Sunday, December 04, 2011

Occupy Till I Come

What does that really mean?  I suspect it does not mean what the Occupy Wall Street participants are doing… throwing a mass temper tantrum in their demand for “rights” and undeserved privileges for all.  It probably also bears little resemblance to our frequent Oaxacan version of protesters occupying the city square or blocking major arteries in an attempt to garner attention for their particular complaint. So if an infuriating protest movement is not what Jesus had in mind in this parable, then what does “occupy” mean? My Bible version states it as: “Engage in business till I come”.  Given the imminent return of Christ, how should we at Casa Compasiva be “engaged in business” till He comes?  Let me answer that by recapping some of this past month’s activities:
 Sherry Bushnell, our long-distance midwife mentor and teacher, came for a visit and worked with our doulas in hands-on sessions attending patients, as well as informal teaching sessions.  As always when Sherry visits, everyone learned a lot, taking their knowledge of birth and midwifery up several notches. We are grateful for Sherry’s investment in Casa Compasiva!
Three of our doulas were promoted to “monitrice” status, having shown great initiative and responsibility in their work, and having mastered sufficient medical skills to be competent birth assistants to any doctor or midwife. We are very proud of these ladies!
These same three women began their preparations for the midwifery course which is to start in January, Lord-willing.  Two of them will be studying in a distance-ed format in English through the U.S-based National College of Midwifery, while doing their clinical work through Casa Compasiva. Upon completion of their work (in approximately two years), they will receive Associate’s Degrees in Midwifery.
The other monitrice will study in Spanish, following our own Casa Compasiva track to certification as a fully-qualified midwife.  Our Casa course will, of necessity, be slightly less intensive than the English course, although no less excellent. (We face a lack of midwifery textbooks in Spanish and are having to develop many of our own materials. Please let us know if you encounter good-quality birth texts in Spanish!)
Greg and Jenny Norris made huge strides forward in their cross-cultural adjustment to Oaxaca by attending Spanish school, visiting friends in a remote village, and supporting other missionaries by providing childcare at a spiritual retreat. Jenny was also called upon frequently to do lactation consultation for our postpartum mamas. They are proving to be invaluable members of our team here!
We had our usual line-up of prenatal and postpartum clients, along with the normal births on the docket.  However, in November we sent an unusual number of high-risk patients to the hospital for C-sections. (Three!) The most dramatic case was a mama with a breech baby whose water broke four-to-five weeks early, and whose entire cord was wrapped tightly four times around his neck.  We praise the Lord for sparing his life and for giving us good relationships with the operating gynaecologist and hospital so that one of our doulas could accompany her in the operation.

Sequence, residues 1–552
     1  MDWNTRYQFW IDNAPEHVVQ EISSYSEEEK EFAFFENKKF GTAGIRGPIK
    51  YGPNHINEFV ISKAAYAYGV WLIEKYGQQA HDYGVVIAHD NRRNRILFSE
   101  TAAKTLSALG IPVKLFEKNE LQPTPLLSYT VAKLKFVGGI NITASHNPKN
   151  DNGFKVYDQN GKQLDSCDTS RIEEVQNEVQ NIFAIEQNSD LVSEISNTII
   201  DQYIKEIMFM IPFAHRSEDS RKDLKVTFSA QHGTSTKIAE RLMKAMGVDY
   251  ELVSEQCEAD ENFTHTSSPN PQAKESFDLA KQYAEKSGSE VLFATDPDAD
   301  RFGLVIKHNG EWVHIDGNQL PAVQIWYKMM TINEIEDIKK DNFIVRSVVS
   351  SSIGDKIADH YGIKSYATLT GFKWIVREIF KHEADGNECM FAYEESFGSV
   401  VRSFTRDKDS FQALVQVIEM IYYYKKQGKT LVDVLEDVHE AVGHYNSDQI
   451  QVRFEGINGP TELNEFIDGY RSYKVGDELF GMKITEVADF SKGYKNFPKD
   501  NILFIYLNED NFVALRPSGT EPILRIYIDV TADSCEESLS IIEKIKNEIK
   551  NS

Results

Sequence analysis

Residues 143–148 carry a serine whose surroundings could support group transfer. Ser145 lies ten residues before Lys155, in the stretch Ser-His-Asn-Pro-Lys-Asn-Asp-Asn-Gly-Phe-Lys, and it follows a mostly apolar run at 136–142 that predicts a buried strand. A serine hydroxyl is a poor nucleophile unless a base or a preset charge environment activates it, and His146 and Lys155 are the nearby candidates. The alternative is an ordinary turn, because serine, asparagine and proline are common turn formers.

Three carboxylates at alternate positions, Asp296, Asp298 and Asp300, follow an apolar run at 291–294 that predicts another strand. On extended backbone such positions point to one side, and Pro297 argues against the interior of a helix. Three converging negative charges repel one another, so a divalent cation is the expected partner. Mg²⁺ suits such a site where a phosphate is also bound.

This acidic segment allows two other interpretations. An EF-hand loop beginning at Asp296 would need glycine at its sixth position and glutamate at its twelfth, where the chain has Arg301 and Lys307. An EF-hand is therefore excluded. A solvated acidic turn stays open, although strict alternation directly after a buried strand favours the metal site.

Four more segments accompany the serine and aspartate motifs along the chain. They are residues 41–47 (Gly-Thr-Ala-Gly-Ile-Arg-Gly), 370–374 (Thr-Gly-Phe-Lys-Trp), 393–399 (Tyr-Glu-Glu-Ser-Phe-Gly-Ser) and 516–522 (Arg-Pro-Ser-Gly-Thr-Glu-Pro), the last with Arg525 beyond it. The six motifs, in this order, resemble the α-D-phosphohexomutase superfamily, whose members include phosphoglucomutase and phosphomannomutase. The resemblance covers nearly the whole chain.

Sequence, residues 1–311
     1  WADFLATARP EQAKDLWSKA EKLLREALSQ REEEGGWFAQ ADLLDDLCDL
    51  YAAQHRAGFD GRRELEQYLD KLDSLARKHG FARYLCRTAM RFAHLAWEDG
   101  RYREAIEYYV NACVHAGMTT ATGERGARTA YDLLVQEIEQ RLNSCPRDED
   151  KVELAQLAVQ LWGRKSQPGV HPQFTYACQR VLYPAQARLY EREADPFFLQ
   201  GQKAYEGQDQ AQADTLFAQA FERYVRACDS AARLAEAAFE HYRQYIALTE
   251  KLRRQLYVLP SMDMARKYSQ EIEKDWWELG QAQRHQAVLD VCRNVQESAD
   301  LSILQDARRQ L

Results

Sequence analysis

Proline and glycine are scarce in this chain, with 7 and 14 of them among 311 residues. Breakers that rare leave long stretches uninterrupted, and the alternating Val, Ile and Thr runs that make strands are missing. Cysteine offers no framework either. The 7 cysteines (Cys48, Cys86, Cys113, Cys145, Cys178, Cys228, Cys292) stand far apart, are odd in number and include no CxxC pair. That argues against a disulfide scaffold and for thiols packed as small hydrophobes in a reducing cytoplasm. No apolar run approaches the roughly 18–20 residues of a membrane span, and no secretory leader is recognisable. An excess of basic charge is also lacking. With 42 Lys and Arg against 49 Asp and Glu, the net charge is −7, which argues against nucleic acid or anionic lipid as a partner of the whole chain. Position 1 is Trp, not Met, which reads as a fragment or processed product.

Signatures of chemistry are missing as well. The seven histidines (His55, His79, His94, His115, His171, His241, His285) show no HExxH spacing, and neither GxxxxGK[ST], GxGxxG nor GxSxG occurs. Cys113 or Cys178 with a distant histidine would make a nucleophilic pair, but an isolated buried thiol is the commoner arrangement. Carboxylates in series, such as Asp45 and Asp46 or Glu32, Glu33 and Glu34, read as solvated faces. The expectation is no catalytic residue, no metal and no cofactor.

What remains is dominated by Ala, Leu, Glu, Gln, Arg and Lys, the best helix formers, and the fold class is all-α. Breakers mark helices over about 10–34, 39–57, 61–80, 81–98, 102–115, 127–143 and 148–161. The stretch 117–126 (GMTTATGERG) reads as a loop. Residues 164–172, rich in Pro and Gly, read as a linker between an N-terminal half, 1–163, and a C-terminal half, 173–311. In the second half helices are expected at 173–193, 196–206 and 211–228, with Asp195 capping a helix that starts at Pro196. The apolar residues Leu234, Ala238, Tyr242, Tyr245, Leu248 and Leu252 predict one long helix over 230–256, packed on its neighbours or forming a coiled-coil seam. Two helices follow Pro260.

Those parents are so very grateful for Casa Compasiva’s ministry to them throughout their pregnancy and now postpartum, even though they did not end up with a cozy Casa Compasiva birth. We are encouraged to see their spiritual growth as the mama gave her life to Jesus with us several months ago. It is a good reminder to us that the goal is not to ensure a natural birth for each client at all costs, but to support the family in whatever situation God ordains as best for their baby.
We continued to provide prenatal classes each week this past month, including snacks, crafts, and a devotional/gospel presentation.  Every Wednesday we also sent two of our doulas to do volounteer service as labour attendants at the local government hospital.
All in all, November was a busy month as each member of the Casa Compasiva team explored more fully what it means to “occupy till He comes.” Study. Service. Sacrifice. Smiles. Engaging in kingdom business by cheerfully serving the women and families of Oaxaca with the love of Christ. 

Would you like to join us?  You can support the ministry of Casa Compasiva through your prayers and your financial gifts sent to the Missionary Ventures address below.  Thank you! 

Contribute to Casa Compasiva:


Missionary Ventures
P.O. Box 593550                     
Orlando, FL 32859

Missionary Ventures Canada
336-H Speedvale Avenue West
Guelph, Ontario N1H-7M7

Tax-deductible donations can be sent to Missionary Ventures with a note preferencing it for Birth Center / Oaxaca

For Online Giving:

From the U.S.A. click here and go to Donation Areas, scroll down to Special Projects, and specify Birth Center - Oaxaca

Thursday, November 17, 2011

A typical week at Casa Compasiva...